Spermadine induces greater autophagy, the collection of cellular housekeeping processes that is associated with many of the methods demonstrated to modestly slow aging in laboratory species. Researchers here use dietary spermadine in flies to investigate one specific mechanism involved in age-related neurodegeneration. When it comes down to it, a great deal of fundamental life science research is a matter of finding or creating two similar situations and then using the small differences between them as a tool to probe the complexities of biology. Here one set of flies has a greater loss of memory, and that can be traced to specific functional changes in the synapses:
Neurons communicate by sending impulses, in the form of secretion of neurotransmitters, across small spaces called synapses. It is these synapses that undergo structural and functional changes during formation and retrieval of memories. Though alterations in synaptic performance are believed to accompany aging, the causal relationship between age-dependent memory impairment and synaptic changes remains largely unknown. Using the fly Drosophila melanogaster as a model, we found that feeding them spermidine - a polyamine compound - suppresses age-induced decline in olfactory memory, providing us with a tool to further decipher mechanisms associated with age-dependent memory impairment.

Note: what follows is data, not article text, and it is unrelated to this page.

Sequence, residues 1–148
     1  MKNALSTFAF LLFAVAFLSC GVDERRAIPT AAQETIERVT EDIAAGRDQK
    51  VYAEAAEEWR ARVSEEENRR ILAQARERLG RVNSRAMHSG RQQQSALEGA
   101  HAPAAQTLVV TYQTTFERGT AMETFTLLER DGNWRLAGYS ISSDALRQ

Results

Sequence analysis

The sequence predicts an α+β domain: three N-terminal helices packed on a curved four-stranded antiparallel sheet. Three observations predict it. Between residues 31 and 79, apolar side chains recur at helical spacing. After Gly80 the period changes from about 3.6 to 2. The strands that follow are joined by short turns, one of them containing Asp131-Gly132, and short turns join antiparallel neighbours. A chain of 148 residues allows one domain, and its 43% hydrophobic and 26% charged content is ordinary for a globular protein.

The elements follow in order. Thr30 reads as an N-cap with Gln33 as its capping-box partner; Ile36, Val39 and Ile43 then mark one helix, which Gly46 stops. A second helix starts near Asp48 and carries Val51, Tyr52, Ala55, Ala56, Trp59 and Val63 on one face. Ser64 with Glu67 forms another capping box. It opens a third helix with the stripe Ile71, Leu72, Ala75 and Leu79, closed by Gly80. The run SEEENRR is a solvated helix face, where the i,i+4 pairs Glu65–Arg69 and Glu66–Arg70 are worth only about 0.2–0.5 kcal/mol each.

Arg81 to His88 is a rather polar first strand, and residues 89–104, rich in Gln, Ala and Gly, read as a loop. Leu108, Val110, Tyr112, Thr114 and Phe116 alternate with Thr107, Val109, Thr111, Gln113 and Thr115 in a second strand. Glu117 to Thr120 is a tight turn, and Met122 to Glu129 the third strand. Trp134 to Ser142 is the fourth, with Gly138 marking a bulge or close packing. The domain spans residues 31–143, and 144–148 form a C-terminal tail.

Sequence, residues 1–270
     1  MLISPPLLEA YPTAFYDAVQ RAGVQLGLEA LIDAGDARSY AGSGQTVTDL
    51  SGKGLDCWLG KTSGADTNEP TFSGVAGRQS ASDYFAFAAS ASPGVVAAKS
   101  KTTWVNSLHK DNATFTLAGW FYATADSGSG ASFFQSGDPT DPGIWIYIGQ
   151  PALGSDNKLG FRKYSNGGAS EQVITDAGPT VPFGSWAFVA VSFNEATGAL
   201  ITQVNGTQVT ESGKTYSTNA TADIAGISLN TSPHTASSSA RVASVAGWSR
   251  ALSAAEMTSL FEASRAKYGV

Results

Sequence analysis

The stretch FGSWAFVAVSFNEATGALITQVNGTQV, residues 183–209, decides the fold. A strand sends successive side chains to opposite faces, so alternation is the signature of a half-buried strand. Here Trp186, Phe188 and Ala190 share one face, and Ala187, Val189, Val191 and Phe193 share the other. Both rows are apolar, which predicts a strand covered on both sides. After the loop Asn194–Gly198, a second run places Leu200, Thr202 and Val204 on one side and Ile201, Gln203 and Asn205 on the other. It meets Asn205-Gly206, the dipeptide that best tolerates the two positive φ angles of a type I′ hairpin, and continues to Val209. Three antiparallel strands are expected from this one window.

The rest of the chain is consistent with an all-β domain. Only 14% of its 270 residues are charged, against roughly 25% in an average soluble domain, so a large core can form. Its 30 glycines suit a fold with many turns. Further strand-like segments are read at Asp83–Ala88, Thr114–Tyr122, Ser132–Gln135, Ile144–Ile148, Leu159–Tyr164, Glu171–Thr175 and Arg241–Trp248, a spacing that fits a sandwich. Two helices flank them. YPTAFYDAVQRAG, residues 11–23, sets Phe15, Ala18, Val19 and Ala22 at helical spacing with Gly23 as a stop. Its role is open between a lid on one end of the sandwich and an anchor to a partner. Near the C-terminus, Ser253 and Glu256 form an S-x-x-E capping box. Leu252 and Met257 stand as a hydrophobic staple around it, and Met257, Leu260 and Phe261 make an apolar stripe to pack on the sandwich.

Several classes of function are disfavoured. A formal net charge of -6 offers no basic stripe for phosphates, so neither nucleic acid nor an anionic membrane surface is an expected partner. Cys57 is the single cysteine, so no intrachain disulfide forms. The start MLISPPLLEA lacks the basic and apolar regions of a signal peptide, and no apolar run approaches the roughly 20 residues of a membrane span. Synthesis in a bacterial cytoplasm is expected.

In this study, we investigated the relationship between synaptic changes and age-dependent memory impairment by studying the olfactory circuitry. We observed an age-related increase in the levels of the synaptic proteins Bruchpilot and Rim-binding protein, which caused an enlargement of the presynaptic active zone - the complex of proteins that mediate neurotransmitter release - and enhanced synaptic transmission. Interestingly, feeding of spermidine was sufficient to abolish these age-associated presynaptic changes, further emphasizing the relationship between presynaptic performance and age-dependent memory impairment. Furthermore, flies engineered to express an excess of the core active zone protein Bruchpilot showed a premature impairment in memory formation in young flies. Based on our data, aging plausibly steers the synapses towards the upper limit of their operational range, limiting synaptic plasticity and contributing to impairment of memory formation.